India’s Experiment in Economic Diplomacy
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India’s Experiment in Economic Diplomacy

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Indian companies are increasingly investing abroad, and demanding that New Delhi’s economic diplomacy backs their endeavors. The Ministry of External Affairs (MEA) has hitherto largely ignored the pressures resulting from a more internationally oriented Indian business sector and the larger processes of globalization, which have brought economic matters to the forefront of foreign policy.

However, plans that foresee people from trade and industry bodies joining diplomatic missions temporarily, recently hinted at by External Affairs Minister Salman Khurshid, suggest that New Delhi is ready to adapt to the new reality. This follows a number of initiatives launched earlier this year by the MEA to better represent India Inc.’s concerns abroad.

Economic liberalization in the 1990s brought with it changes in outward foreign direct investment (OFDI) from India. Restrictions were continuously eased from the early 1990s on, albeit at a slower pace than in other areas. Towards the end of the 1990s, the upper limit for investments not requiring approval was raised to 100 per cent of a company’s net worth, before reaching 200 per cent in 2004, among other measures to facilitate OFDI. This allowed India Inc. to invest abroad on an unprecedented scale, with OFDI going up significantly in the early-2000s. The acquisition of Anglo-Dutch steelmaker Corus for $12 billion by Tata Steel in 2007 and of the Africa operations of Zain, a Kuwaiti telecommunications group, for $10.7 billion by Bharti Airtel in 2010 are but two outcomes of this relaxation of OFDI rules.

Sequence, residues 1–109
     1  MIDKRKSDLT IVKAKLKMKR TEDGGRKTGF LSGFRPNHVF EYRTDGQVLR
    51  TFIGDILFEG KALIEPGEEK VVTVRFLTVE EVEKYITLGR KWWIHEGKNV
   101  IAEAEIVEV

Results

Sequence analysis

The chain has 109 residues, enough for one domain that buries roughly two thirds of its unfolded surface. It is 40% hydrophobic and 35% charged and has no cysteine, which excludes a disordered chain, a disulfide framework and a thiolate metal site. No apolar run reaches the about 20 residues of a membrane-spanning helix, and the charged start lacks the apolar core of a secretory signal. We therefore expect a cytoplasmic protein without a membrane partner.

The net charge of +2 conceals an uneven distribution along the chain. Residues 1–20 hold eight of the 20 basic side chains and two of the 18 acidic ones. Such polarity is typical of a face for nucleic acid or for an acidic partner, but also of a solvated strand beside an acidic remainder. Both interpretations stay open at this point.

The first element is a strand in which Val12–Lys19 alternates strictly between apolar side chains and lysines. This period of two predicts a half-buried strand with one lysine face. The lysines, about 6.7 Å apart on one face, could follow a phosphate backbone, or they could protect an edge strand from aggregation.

Bearing in mind the current situation of the Indian economy, as well as commercial interests, Indian companies can be expected to continue looking abroad for new opportunities to grow and diversify investments.

Corporate India’s increased footprint in most of the world’s regions, along with a changing international economic environment, has created significant pressures on New Delhi’s economic diplomacy to represent business interest and obtain better terms for investment. External Affairs Minister Khurshid highlighted this development during the announcement of the latest initiative when stating that the “External Affairs ministry is undergoing a change because of the requirements that Indian diplomats may have to fulfil.”

At the same time, the outward orientation of the Indian business sector has increased the interest of organizations that represent them, principally the Federation of Indian Chambers of Commerce and Industry (FICCI) and the Confederation of Indian Industries (CII), in shaping foreign economic policy. These bodies regularly bring together business leaders and decision-makers, facilitating interaction and allowing companies to voice their concerns with regards to India’s foreign policy and economic diplomacy.